Although the idea of “cutting out” a prostate cancer is seemingly reasonable, it is based upon junk science and will likely rob you of your health. Besides, what is the evidence that the robotic-assisted prostatectomy has any life-saving potential?
Does Prostate Cancer Surgery Save Lives?
There are two widely referenced studies that have been undertaken by urologists, but largely ignored by them. The PIVOT study (Prostate Intervention Versus Observation Trial) published in the New England Journal of Medicine concluded that; “Among men with localized prostate cancer detected during the early era of PSA testing, radical prostatectomy did not substantially reduce all-cancer or prostate cancer mortality, as compared with observation (active surveillance), through at least 12 years of follow up. Absolute differences were less than 3 percentage points (statistically insignificant)”. In other words, despite undergoing this risky invasive surgery, it offered zero protection against dying from prostate cancer and, according to Horan, “without proof of life extension in man or animal that would satisfy the committee on medical experimentation at Nuremberg”.
The other radical prostatectomy study commonly referenced had a 29 year follow-up and claimed a mean of 2.9 years of “life” gained. However this study also, was hopelessly flawed and skewed towards a semblance of life extension because men with Gleason 6 pseudo-cancer were included while others received arbitrary additional interventions such as testosterone suppression (androgen deprivation therapy or ADT) which by itself can extend life.
What about the fact that robotic prostate cancer surgery is FDA (Food and Drug Administration) approved? Regretfully, the FDA “approved” label for the radical (robotic) prostatectomy is a distortion of fact. Because urologists have always assumed that their radical prostate surgery procedure was safe and effective they assumed by extension that the robotic-assisted prostatectomy would also be safe and effective. However, the robotic device for robotic-assisted prostatectomy was never proven to be safe or effective through objective studies. It was only because urologists used the FDA’s misguided 510(K) process to rubber-stamp an approval for the robotic device that automatically enabled its use in robotic-assisted prostate cancer surgery. An exercise that simply allowed the assumption that surgery was safe and effective to continue.
What are the Complications Associated with Radical Robotic Prostatectomy?
Not only does prostate cancer surgery fail to save significant numbers of lives but, it is associated with many complications. From general surgical problems including deaths within 30 days of surgery, suicidal depression, deep vein thrombosis and many other issues, there are complications specific to robotic surgery such as insufflation embolism, trocar and positioning injuries. As well, there are injuries that are particular to prostate removal. From every possible sexual problem imaginable including lack of libido and loss of manhood, damaged or loss of erection (despite the use of a so-called nerve-sparing technique), lack of emission, lack of ejaculate, ejaculating urine, pain on orgasm and, infertility. Additionally, there are potential penile issues such as a shortened penis, penile pain, numbness, curvature and, wasting. Also, there is the likelihood for testicular pain and bladder problems such as urinary leakage, bladder neck scarring, bladder stones and infections. Even worse, in some 11–48 percent of cases patients have wasted their time because the cancer was removed incompletely and they were left with a positive margin. An even greater list of complications can be expected in those with locally advanced disease and “advised” (without objective evidence for life extension) to undergo surgery to remove as much of the prostate as possible (“debulking”) and then, to “mop up” residual cancer with radiation and testosterone suppression. A similar list of troubles and also without evidence for life extension can be expected in those advised to have a “salvage” prostatectomy because residual or recurrent cancer was detected after another form of treatment. Tragically, the many complications associated with robotic-assisted prostate cancer surgery impact not only the patient but also the wife, partner or girlfriend to a degree that can strain and even break up the relationship.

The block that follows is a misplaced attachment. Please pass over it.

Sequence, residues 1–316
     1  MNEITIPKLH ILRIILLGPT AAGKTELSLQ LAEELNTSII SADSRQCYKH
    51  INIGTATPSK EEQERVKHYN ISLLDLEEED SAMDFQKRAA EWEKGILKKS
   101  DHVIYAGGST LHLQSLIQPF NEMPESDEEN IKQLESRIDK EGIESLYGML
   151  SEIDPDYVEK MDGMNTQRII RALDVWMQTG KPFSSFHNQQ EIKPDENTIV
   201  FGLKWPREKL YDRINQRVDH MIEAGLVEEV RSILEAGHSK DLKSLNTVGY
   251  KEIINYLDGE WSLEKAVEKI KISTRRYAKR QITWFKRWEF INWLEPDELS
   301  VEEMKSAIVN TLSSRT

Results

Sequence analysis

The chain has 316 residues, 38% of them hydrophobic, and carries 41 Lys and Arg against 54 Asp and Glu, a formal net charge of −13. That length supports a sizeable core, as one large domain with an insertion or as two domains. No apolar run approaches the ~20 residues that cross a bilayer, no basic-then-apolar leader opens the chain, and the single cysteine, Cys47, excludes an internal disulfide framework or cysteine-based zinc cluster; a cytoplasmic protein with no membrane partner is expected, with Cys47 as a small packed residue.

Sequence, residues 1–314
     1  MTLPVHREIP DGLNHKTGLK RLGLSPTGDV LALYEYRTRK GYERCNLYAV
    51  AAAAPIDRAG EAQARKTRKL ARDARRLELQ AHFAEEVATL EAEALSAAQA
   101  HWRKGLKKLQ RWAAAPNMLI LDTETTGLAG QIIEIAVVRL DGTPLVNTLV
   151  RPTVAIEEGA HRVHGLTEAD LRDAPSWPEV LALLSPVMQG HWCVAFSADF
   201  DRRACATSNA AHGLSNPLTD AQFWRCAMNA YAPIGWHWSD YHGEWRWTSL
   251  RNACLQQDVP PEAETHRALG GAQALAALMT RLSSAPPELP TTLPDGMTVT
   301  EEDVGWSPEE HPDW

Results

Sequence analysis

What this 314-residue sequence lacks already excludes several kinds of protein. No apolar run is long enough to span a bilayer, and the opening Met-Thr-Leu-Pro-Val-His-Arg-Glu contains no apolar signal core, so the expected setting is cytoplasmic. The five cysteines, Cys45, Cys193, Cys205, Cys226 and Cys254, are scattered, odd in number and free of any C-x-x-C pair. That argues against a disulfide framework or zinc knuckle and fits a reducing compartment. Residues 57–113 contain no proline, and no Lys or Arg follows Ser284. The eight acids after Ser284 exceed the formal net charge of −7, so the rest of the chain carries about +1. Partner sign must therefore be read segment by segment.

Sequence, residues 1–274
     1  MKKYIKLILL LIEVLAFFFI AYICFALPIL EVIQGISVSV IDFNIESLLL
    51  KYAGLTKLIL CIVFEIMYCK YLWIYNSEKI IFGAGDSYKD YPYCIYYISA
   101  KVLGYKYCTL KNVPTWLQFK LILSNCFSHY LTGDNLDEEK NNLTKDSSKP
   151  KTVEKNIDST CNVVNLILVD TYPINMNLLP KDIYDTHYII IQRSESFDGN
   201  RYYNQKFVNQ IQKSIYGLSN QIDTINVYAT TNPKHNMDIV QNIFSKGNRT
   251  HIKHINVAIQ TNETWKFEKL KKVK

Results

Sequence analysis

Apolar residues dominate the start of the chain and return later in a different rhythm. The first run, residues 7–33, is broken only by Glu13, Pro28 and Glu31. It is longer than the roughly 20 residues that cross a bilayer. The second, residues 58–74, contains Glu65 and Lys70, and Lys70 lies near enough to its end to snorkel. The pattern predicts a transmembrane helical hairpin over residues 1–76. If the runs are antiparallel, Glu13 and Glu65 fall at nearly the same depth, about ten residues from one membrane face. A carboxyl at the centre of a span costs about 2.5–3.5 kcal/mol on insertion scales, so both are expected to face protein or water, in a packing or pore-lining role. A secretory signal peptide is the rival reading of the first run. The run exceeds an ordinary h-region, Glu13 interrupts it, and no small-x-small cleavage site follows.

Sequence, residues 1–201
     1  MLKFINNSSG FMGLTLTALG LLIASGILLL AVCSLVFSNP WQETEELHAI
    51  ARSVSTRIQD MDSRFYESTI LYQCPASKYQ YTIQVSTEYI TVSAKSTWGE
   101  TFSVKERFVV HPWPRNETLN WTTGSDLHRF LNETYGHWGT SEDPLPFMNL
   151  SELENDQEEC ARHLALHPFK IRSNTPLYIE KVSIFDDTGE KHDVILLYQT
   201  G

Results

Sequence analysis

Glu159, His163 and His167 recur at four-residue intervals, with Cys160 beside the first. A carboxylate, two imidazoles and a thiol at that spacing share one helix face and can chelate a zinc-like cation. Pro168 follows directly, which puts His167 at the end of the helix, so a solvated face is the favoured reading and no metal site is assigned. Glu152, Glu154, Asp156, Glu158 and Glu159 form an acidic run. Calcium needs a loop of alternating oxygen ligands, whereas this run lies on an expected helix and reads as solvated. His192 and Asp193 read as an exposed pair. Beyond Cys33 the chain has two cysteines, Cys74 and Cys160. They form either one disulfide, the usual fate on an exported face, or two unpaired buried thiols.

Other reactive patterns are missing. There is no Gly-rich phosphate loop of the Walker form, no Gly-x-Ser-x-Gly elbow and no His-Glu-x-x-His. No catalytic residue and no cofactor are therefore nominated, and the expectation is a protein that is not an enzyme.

Are There Many Warnings About Prostate Cancer Surgery?
In step with the findings that prostate cancer surgery fails to save significant numbers of lives and is associated with many complications, Robert Aronowitz, an internist and medical historian published, “Screening for Prostate Cancer in New York’s Skid Row: History and Implications”. Here, troubled about prostate cancer screening and treatment effectiveness he made the observation that, “our screen-and-treat paradigm in prostate cancer is evidence-challenged”.
Additionally, the many dangers associated with robotic prostatectomy have been clearly recognized by the legal fraternity as well Government oversight agencies. Not only are there many lawsuits linked to surgeons and hospitals regarding robotic prostatectomy and its complications but, the FDA’s MAUDE (Manufacturer and User Facility Device Experience) site has recorded numerous issues regarding robotic prostatectomy despite only about eight percent of actual adverse events being listed there because of the website’s complexity. Also, the USPSTF (United States Preventive Services Task Force) has expressed deep reservations about the PSA-based prostate cancer screening program and the treatment of screen-detected cancers because “the benefits do not outweigh the harms”. Furthermore, Dr. Otis Brawley from the American Cancer Society, Dr. A. Horan, “The Big Scare” and, R. Ablin and, R. Piana “The Great Prostate Hoax” have all recorded in glaring detail not only the many dangers associated with prostate cancer screening and the surgical treatment of prostate cancer but, questioned its effectiveness as well as the impact of financial conflicts-of-interest surrounding the prostate cancer industry. Even the robotic device-maker is fully aware of the dangers of the robotic tool for prostate cancer surgery as its list of disclaimers grows with every website revision.